We see this when neither major party supports, and indeed votes against, many of the provisions for good government. MPs are constrained to vote along party lines.

Our political leaders’ responses to COVID and climate disruption show science is always bent to corporate needs not for the public good and the public’s health. MPs choose when they will accept the science and when they won’t.

Some of the COVID pandemic response, JobKeeper, robodebt and the NT Intervention shows that when they want to, politicians will act.

The Uluru Statement from the Heart, funding an adequate public health workforce and addressing the climate catastrophe show that when they don’t want to, they don’t.

These decisions are corporate, not community driven, and for corporate not community benefit.

No longer is presenting evidence or being a critical friend sufficient to get the policy and legislative outcomes we want for a healthy planet.

In playing the game only this way, we are losing.

An important note of caution: how we talk about the situation is vital to understanding and getting the outcome we want. If we talk about government as the problem, we sing from the corporatocracy’s hymn sheet.

The corporatocracy aims to trash government; we cannot afford to contribute to the trashing of government by repeating their language and the narrative that disparages and sidelines government. As public health people we realise that we need and want good government to deliver on its promise to protect and promote wellbeing.

Instead, we need to consciously promote a narrative of good government for the public’s good.

We need to talk about a political system being run by and for the corporatocracy and identify that it is the politicians, the Members of Parliament who are the ones are behaving badly. It is the MPs who have become unaccountable, dishonest, lost integrity, and are serving the interests of big business. We need to identify that this is driven and abetted by the mouthpieces of the corporatocracy, the news media (in the Anglosphere especially News Corp).

We need to demand good government and MPs with integrity who are accountable to their communities.

Our situation is both a systemic issue and a human behaviour issue; the system is built to deliver outcomes that advantage the corporates and destroy the planet’s health, through our elected representatives AND it is the behaviour of the MPs co-opted by this system, that allows these detrimental outcomes.

And it is our behaviour as people, community members and citizens that either allows this system to continue or to change.

What to do?

We transform our political-economic system so it works for us. But how?

We need to act in our personal and professional capacities at the community and societal domains.

The main game, personal and professional, must be political, because only political action can change the system to create structures that ensure good governance for the public’s good.

To paraphrase Richard Denniss, the response to neoliberalism is democracy. So effective political action is about strengthening democracy.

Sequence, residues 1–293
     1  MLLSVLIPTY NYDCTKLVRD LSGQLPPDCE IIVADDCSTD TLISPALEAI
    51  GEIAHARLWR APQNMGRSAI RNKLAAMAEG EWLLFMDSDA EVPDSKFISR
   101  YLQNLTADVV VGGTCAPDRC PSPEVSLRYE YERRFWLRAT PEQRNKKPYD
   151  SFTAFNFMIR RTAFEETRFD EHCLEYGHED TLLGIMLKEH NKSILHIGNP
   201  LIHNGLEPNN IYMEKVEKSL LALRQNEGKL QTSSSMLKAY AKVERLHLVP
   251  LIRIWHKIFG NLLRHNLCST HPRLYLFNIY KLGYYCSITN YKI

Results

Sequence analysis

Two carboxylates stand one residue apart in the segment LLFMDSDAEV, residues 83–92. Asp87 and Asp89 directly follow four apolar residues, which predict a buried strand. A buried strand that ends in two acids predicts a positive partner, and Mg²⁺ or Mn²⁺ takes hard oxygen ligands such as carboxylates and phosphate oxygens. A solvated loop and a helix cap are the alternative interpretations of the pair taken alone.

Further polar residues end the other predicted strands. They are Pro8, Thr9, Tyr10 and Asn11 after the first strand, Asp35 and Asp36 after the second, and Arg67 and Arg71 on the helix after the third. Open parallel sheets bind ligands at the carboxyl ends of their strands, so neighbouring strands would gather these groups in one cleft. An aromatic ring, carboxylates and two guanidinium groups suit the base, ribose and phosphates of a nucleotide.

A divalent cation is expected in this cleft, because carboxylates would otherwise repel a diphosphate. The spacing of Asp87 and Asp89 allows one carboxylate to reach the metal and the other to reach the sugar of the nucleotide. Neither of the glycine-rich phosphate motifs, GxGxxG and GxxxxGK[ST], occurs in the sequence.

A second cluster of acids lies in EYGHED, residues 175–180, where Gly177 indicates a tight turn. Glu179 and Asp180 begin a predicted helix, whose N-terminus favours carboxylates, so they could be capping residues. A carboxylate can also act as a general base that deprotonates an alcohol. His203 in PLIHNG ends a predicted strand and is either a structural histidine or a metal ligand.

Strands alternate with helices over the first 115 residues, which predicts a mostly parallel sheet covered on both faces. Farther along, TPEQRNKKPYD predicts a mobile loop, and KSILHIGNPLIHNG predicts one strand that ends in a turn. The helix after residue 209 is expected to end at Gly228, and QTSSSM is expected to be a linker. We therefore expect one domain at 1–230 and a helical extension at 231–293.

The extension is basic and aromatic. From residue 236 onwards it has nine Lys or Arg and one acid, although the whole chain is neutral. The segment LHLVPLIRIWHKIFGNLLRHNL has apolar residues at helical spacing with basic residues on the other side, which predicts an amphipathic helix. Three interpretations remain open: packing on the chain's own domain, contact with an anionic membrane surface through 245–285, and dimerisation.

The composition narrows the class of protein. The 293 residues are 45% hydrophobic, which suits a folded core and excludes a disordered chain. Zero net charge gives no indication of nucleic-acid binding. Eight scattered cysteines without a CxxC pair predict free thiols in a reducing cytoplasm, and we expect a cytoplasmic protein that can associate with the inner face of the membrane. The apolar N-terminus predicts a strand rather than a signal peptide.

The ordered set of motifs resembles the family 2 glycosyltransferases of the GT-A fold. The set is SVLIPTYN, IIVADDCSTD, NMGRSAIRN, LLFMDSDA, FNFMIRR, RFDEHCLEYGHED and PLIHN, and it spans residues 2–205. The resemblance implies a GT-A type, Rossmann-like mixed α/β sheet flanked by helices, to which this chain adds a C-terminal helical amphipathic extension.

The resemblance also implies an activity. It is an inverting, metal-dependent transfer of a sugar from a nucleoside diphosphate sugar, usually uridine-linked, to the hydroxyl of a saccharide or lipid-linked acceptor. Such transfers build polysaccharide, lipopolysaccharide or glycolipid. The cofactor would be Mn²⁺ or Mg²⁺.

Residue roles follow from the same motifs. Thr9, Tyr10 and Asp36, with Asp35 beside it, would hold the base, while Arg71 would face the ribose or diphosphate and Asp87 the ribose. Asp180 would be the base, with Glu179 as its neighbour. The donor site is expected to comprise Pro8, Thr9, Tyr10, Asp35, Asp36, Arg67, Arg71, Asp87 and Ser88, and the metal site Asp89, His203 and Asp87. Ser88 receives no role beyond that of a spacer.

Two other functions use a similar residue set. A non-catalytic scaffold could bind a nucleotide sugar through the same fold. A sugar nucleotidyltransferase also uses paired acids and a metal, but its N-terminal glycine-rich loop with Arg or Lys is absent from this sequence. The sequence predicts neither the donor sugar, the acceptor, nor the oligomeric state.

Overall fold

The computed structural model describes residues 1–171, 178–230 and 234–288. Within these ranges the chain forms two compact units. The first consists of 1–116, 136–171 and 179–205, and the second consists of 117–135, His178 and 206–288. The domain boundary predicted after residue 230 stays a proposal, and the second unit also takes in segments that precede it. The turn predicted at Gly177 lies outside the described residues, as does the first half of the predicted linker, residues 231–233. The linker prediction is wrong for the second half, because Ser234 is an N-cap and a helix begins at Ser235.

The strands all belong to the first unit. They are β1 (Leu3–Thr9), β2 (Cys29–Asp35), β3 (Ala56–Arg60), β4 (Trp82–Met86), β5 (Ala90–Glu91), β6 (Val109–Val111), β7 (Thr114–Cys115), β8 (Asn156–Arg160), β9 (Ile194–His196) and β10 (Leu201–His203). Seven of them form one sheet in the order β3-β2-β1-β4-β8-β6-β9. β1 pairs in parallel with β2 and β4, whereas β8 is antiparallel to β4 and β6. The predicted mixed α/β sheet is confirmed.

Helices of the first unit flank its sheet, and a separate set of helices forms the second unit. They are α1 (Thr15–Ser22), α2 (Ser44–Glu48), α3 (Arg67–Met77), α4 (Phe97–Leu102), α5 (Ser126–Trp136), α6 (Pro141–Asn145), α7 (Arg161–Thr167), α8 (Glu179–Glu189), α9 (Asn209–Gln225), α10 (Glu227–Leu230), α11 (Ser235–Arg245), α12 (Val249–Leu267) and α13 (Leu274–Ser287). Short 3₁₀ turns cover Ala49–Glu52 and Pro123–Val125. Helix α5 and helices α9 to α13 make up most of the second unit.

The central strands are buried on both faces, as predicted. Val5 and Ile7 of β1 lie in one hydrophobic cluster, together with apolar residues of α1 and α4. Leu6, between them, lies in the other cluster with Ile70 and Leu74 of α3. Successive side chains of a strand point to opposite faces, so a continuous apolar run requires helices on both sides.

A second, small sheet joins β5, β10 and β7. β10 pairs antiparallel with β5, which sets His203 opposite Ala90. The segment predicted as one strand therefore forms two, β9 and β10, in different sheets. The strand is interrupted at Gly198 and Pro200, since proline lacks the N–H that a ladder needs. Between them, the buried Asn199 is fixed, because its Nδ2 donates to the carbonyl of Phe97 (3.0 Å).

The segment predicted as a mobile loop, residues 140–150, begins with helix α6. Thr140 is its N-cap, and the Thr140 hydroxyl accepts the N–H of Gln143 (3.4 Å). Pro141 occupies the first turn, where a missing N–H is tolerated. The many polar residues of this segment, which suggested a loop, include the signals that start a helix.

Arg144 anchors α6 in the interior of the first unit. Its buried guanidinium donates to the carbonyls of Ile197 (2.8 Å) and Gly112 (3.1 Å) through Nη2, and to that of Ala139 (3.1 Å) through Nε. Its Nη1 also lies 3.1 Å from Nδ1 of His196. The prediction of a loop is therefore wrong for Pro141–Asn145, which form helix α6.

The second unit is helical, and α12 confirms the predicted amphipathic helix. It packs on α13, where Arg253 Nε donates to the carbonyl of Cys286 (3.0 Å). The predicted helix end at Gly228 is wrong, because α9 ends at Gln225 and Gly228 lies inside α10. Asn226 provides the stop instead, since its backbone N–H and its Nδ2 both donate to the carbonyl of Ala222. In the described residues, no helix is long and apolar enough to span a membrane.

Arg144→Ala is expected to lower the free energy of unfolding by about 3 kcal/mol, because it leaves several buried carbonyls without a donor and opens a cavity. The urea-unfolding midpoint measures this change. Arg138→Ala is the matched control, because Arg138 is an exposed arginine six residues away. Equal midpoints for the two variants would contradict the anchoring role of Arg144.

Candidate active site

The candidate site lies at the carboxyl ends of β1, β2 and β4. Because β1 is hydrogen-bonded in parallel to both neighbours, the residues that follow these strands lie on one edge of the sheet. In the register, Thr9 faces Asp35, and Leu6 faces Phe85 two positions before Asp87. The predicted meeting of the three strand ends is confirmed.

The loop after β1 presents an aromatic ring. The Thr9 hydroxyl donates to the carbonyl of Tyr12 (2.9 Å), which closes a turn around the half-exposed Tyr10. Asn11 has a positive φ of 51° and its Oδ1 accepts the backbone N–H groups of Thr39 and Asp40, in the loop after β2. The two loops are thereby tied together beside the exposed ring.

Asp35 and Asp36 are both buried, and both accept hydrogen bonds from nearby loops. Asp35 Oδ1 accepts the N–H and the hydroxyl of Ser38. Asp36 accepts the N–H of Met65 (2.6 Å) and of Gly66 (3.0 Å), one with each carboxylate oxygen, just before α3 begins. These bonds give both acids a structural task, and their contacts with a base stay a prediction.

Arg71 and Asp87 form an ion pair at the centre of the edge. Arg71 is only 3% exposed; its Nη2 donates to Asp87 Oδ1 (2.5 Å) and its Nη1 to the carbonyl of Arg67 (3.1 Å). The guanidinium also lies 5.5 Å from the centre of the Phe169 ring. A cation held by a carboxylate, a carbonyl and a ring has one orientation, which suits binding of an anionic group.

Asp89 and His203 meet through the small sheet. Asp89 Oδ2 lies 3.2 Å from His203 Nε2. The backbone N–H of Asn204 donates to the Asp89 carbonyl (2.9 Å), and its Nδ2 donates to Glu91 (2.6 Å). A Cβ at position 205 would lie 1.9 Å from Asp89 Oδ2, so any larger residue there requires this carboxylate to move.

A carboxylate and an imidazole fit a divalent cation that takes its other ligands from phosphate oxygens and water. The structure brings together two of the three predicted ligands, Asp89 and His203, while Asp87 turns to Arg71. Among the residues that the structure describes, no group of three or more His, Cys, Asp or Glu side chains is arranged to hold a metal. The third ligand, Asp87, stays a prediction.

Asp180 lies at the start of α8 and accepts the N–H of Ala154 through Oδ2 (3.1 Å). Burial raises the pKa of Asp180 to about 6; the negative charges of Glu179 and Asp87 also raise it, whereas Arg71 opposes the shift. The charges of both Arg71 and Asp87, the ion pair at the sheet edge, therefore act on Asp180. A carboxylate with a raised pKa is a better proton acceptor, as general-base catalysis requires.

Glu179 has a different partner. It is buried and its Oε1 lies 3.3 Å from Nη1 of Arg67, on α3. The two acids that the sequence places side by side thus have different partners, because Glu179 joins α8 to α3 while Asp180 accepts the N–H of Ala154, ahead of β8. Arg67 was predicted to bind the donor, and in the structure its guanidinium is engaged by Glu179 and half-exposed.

The two aspects of strengthening democracy are:

  1. Work with other organisations to improve the institutional structures supporting and promoting good governance, such as integrity commissions, caps on donations and election spending, and
  2. Improving representation in parliament by promoting active community participation in electing MPs who will govern for the public good.

I am focusing on these actions because both are immediate, practical and focused action that we can all take as citizens, personally and professionally, to change the system within the very short time we have left to rescue our planet’s health.

I like the analogy used by Hendricks and co-authors in their recent work Mending Democracy. One of their themes might be paraphrased: our system is tattered but functioning; best option is to mend our system, not spend more time and diverting effort to make a new one.


Action 1 – Improving the infrastructure of government

It’s not like we don’t know what to do. The Public Health Association of Australia (PHAA) now has a policy that sets out action PHAA can take. Indeed, we already are.

Action 2 – Improving representation as the way to improving good governance.

I want to spend the remainder of the presentation discussing why good representation is important and how we can achieve that with personal and professional action.

The theory of change behind this approach.

It is MPs in parliaments who make the decisions that determine our future.

So, getting the ‘right’ MPs into parliament is a practical and immediate means to mend the current representative electoral political system, to change how parliament and government work, making it work for the public good.

The right MP is one who:

  • has the necessary skills and knowledge to undertake the job of an MP,
  • demonstrates the necessary integrity to hold the position,
  • votes for measures that structurally strengthen good government,
  • actively works with and is directly and personally accountable to their electorate communities, and
  • systematically seeks input from their electorate communities on policy and law making.

At a personal level

The key to getting the right MP is for us to become active citizens. This can range from being part of an electorate group that regularly meets with the MP to discuss and advise them, through to voting tactically at election time, informed not only by party policy positions, where these exist anymore, but more importantly by the quality of the candidate.